Two different stories. Which one is correct?
Put two wheels out of alignment by 5 inches and try to get them to run a blade
without twisting. Now tell me how you know that, oh... 2" will ride flat without
twisting. How about 0.5"? You're making an assumption based on thinking that
the tires will magically account for any out-of-plane error. I agree that they
_can_ correct for some degree of misalignment, but I don't know how much and I'm
not going to guess. I do know that the crown on the tires on my BS are large
radius and I doubt it can handle a big misalignment without twisting.
I'm still waiting for the "myth of the coplanar" crowd to come up with some
facts instead of opinions. We already know they're misquoting and misinterpreting
Duginske. They still can't come up with anything to quantify their claims.
* My BS came out of the factory with around 1/4" error and did track. Didn't cut
well, but it did track. YMMV
For starters, I do not own a band saw and I do not recall ever using one. There have
been times when I wished I had one, but got along somehow without buying one.
In reading this thread from the beginning, It has occurred to me that it might be
possible to put one or more washers on one side or the other of one of the wheels -
say the top wheel if it is not driven. Could the remedy of the out of coplanar
situation be as simple as that?
Yes, shimming with washers is the common way to go. [Dave: your
average 5/8" hardware store variety work fine on Deltas and clones.]
My first measurement, which was a 3/8" out-of-alignment wheel (and
which measurement turned out to be wrong), made it impractical to fix
with shims since the bearing shaft on the upper wheel has only so much
room before you run out of thread for the nut.
In addition, I didn't like the idea of a half-ass workaround to fix
alignment that was that far off; if I could get the thing aligned at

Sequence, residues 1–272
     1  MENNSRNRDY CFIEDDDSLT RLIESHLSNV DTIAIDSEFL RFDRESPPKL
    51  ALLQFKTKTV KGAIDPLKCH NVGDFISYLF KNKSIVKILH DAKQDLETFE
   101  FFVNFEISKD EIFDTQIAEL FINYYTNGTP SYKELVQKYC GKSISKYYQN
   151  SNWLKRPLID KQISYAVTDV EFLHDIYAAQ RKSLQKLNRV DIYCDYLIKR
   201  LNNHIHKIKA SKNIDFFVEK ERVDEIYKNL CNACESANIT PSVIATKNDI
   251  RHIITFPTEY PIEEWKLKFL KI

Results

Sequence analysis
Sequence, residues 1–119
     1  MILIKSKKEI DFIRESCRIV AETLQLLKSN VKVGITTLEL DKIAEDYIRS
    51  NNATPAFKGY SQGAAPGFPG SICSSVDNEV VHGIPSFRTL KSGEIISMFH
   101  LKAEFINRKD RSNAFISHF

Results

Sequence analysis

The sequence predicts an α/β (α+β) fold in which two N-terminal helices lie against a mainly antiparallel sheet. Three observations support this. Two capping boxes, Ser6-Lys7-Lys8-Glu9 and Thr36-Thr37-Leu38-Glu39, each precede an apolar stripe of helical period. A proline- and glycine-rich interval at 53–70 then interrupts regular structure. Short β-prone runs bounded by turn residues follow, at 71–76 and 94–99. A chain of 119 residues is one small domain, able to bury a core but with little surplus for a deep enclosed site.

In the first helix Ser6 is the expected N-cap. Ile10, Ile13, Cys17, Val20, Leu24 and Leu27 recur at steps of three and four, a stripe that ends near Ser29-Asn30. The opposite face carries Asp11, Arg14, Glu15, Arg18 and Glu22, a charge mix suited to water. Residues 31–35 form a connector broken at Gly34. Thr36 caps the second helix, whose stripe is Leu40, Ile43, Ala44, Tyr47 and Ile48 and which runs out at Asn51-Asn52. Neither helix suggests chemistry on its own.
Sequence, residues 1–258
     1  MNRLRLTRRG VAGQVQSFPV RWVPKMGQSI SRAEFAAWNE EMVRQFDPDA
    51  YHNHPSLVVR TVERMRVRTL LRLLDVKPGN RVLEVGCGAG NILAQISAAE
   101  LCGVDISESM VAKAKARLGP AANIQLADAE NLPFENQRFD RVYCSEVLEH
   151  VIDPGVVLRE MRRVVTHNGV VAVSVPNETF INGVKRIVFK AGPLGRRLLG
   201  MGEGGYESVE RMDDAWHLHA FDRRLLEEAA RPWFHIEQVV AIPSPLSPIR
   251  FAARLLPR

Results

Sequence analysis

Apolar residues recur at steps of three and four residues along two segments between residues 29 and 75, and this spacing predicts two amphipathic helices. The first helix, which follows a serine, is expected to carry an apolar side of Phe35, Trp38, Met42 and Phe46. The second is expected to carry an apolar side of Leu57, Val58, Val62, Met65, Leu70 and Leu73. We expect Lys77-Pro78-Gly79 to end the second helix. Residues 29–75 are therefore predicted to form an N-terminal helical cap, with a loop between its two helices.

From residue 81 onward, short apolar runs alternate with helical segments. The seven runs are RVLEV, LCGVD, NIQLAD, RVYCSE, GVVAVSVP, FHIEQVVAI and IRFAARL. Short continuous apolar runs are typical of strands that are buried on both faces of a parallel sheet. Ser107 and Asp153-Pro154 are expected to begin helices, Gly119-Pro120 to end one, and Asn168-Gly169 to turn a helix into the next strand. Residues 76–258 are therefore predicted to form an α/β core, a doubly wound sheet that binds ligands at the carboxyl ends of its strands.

the frame level that would be better, and since I was putting on a
riser block anyway why not try to fix it then.
I have, owing mostly to this thread, realized that may be more
difficult than I had imagined, but I had the good fortune of realizing
that my alignment was not out 3/8", but only 1/8", so shimming is not
so onerous, if necessary at all.
1. Assume your upper wheel is alligned plumb.
2. There should be enough extra space on a tire for the blade to shift at
3. draw a line tangent to the crown of the blade at a position 1/8" off
center. This will "point" more than 1/4" out of the axis of the wheel. This
is the "fudge factor" of non-planer acceptability
You are reinforcing my point that out of coplaner by more than the "fudge
factor" is a major DEFECT, not a setup issue withing the normal parameters
I will not speak for unisaw.
That is what any reasonable person would call a defect. My assertion was
that a perperly manufactured saw could handle a "modest" (which I have
defined) non-coplaner situation
No magic. The geometry of crowned tires as explained above.
It is a function of the radius of the crown. Granted, tough to compute
accurately, because it should be done as a function of the crown under
tension (rubber sightly compressed), but I think eye-balling it is good
enough to show that it works.
With axels 48" apart, 1 degree equals just inder an inch of fudge factor.
e.g. tan(a)= fudge/angle
Later I will take some accurate measurements of the crown and comute the
actual angular change associated with the proposed 1/8th inch shift.
Why? I can't help but think you're making this up as you go along.
Defect or not, it still comes into play. If someone has a defective BS,
the advice they get on the wreck is not "get the manufacturer to replace
your BS", it's "Don't worry, coplanar isn't an issue."
You're not following. At what point does the crown cease to correct the
Ahh, you do know conceptually.
By eye, I can barely detect any compression on my tires. The radius seems
large and even a small error in assumptions will have a large effect on
the result. We're not talking about large angles here - eyeballing it won't
Can anyone realistically eyeball less than one degree? I know that most
folks can't judge angles worth a damn.
But it still relies on your 1/8 assumption. A good start if you can justify
that. Better than anyone else has done so far.